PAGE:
The friendly Canonical engineer has also been trying to solve my graphical woes. My ageing work desktop runs an AMD Radeon HD 4550, and every time I try to activate the existing driver the system reboots and greets me with a blank purple screen. The engineer stepped in, muttered something about "purging the system" and typed in a few odd-looking commands. My desktop then appeared but, when he tried to enable the graphical effects that numerous folk had told me were so impressive, the PC still wouldn't play ball - and the driver still wasn't listed as being activated. The engineer, John, has retreated for lunch, and I can't say I blame him.

2:45PM - David Bayon writes: Thanks to @blazemore for suggesting I install Banshee. It's not the prettiest of media players, but it sure packs a lot in.

Aside from basic music and video libraries, it's great for podcasts and links directly to Amazon's MP3 store and several radio hubs and guides. I already like it at least a hundred times more than I like iTunes, let's put it that way. I have no idea if the Miro guide is a big thing, but come on Ubuntu people: just the one five-star rating? Where's the PC Pro podcast love?

1:59PM - Barry Collins writes: One area that definitely lets Ubuntu down is its dual-screen support. Once you've downloaded the Nvidia graphics driver, Ubuntu can handle an external monitor for your laptop. But if, like me, you're constantly yanking the monitor cable out to head off to another meeting with your laptop, Ubuntu fails to recognise the screen's been detached and you end up with a weird double-desktop on your laptop. So far, the only way I've found to get around it is to reboot - it's even stumped Canonical's tech support chap.

It's a good job Ubuntu doesn't take long to reboot...

12:59PM - Mike Jennings writes: Things are looking up! I've continued along the open source theme by writing my Android App of the Week blog, and I'm now able to send email to my colleagues as well as wade through my 17,000-strong inbox.

Google Chrome's superb syncing feature also means that I've got access to all of my bookmarks instantly, which is enormously helpful. My next goal is to get some of my other favourite apps running: Tweetdeck is a vital part of my working environment, and I might even install Steam to see what sort of gaming options are available for Ubuntu users.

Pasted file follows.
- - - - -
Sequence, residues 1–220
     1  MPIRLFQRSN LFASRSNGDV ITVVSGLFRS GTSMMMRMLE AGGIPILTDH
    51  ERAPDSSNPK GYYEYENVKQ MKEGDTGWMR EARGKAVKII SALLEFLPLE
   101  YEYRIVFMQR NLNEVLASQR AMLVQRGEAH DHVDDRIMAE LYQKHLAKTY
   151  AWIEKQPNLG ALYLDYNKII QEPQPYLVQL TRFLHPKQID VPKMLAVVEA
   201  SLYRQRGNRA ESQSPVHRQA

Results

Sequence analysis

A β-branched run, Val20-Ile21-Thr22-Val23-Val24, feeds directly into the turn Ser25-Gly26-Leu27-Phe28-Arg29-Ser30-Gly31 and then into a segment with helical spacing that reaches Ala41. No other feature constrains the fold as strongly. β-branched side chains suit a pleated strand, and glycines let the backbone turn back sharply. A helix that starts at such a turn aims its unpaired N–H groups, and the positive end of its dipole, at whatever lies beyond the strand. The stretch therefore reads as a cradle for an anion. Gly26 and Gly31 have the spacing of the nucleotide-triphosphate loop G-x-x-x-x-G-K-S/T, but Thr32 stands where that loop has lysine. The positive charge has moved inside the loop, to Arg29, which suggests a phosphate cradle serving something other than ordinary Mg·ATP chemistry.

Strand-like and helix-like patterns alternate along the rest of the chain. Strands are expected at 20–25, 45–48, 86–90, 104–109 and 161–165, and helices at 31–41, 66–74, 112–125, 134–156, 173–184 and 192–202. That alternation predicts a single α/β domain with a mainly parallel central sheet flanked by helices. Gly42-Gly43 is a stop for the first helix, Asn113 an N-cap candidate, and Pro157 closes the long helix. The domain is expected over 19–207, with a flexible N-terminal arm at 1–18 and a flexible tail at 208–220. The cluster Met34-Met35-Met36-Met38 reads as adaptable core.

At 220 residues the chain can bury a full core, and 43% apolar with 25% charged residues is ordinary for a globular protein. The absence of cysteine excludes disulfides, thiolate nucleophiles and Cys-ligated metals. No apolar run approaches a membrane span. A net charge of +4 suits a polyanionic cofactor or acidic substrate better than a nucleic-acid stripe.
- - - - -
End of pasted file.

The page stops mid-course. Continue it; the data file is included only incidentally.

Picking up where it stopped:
12:35PM - David Bayon writes: I have to say, my instant favourite is undoubtedly the Software Centre. It's like an app store made by people with brains who don't find fart noises funny - and I'll freely admit a good number of the obscure titles in there go right over my balding head. I've just been looking through the Science and Engineering category: star charts, protein visualisations, even cave surveying! I'm sure I could find these things online for Windows, but they're right there for me, ready to go. I feel like there's a little Ubuntu alien inside my laptop telling me to learn things and stop playing Solitaire - and that's precisely what it makes me want to do. I've only skimmed through a couple of the categories so far, so throw your recommendations my way in the comments.

12.12PM - Tim Danton writes: Thanks to John, our friendly Canonical engineer, I can now view Flash on Chrome on my 64-bit installation of Ubuntu 10.10. I'd already downloaded the beta Flash 10.10 plugin from Adobe Labs, but couldn't find where to put it. John created a new folder in the Mozilla Firefox Plugins directory and plonked the file in there. Chrome cleverly picked it up and now I can view our Flash videos in all their glory!

12:02PM - Barry Collins writes: So we're coasting towards lunchtime, and despite migrating the entire office to an entirely new OS in a single morning - a task no IT manager in their right mind would undertake - it's still pretty much business as usual. Yes, we've had teething problems (as you'll see below) and John, our Canonical support guy, is currently working on solving Tim's video issue as I type. But the website's still up and running normally, the team can still pass copy to the production desk, everyone's email is working, even if they do have to dip into Outlook webmail.

As nejode remarks on Comments below: would things have gone as smoothly if we attempted to migrate to a new version of Windows en masse. It's certainly questionable...

11:39AM - Nicole Kobie writes: Our tech support from Canonical has arrived. His first challenge is sorting out Mike Jennings' graphics card woes. We'll see how it goes...

11:26AM - Mike Jennings writes: I was so close to writing something nice about Ubuntu. So very close. After my reinstall, everything seemed to be working. I'd received some handy graphics driver tips from Ubuntu veterans on Twitter, and I'd actually started doing some work inside the unfamiliar OS using OpenOffice.

I then attempted to install the 300MB of updates that I'd tried before. Figuring that it was the graphics driver rather than these more prosaic updates that were causing problems, I installed them - this time, a window actually appeared to tel me they were downloading - and rebooted.

Cue dozens of error messages, and another reboot - this time into the older version of the OS, where I can at least do some work.

11:02AM - Jonathan Bray writes: Just for the day I've installed the Linux version of TeamViewer 6, which allows me to get back into my main office PC for anything I can't get running in Ubuntu today. It's working beautifully so far.

On a side note, how good is Ubuntu's keyboard layout selection? Bear with me: not only do you get a list of countries to pick from, but there's also a visual layout to go with each entry, so you can check you've got exactly the right one. Much better than the Windows equivalent.